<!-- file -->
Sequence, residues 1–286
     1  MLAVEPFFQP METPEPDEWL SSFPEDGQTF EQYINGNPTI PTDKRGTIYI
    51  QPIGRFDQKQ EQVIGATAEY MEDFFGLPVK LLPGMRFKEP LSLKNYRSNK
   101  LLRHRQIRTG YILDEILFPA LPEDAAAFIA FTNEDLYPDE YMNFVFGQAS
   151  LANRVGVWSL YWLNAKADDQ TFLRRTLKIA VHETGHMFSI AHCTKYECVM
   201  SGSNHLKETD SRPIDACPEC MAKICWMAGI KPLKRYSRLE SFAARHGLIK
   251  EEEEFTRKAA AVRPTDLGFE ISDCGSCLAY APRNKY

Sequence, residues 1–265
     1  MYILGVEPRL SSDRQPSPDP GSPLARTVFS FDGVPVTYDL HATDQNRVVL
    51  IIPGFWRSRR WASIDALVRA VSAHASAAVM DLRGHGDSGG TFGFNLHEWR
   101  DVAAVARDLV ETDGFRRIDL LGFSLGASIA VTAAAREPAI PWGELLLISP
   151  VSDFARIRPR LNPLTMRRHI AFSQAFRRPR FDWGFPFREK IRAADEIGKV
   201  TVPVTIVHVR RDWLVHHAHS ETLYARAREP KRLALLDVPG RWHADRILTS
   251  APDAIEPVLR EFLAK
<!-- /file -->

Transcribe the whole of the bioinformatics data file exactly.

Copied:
Sequence, residues 1–286
     1  MLAVEPFFQP METPEPDEWL SSFPEDGQTF EQYINGNPTI PTDKRGTIYI
    51  QPIGRFDQKQ EQVIGATAEY MEDFFGLPVK LLPGMRFKEP LSLKNYRSNK
   101  LLRHRQIRTG YILDEILFPA LPEDAAAFIA FTNEDLYPDE YMNFVFGQAS
   151  LANRVGVWSL YWLNAKADDQ TFLRRTLKIA VHETGHMFSI AHCTKYECVM
   201  SGSNHLKETD SRPIDACPEC MAKICWMAGI KPLKRYSRLE SFAARHGLIK
   251  EEEEFTRKAA AVRPTDLGFE ISDCGSCLAY APRNKY

Sequence, residues 1–265
     1  MYILGVEPRL SSDRQPSPDP GSPLARTVFS FDGVPVTYDL HATDQNRVVL
    51  IIPGFWRSRR WASIDALVRA VSAHASAAVM DLRGHGDSGG TFGFNLHEWR
   101  DVAAVARDLV ETDGFRRIDL LGFSLGASIA VTAAAREPAI PWGELLLISP
   151  VSDFARIRPR LNPLTMRRHI AFSQAFRRPR FDWGFPFREK IRAADEIGKV
   201  TVPVTIVHVR RDWLVHHAHS ETLYARAREP KRLALLDVPG RWHADRILTS
   251  APDAIEPVLR EFLAK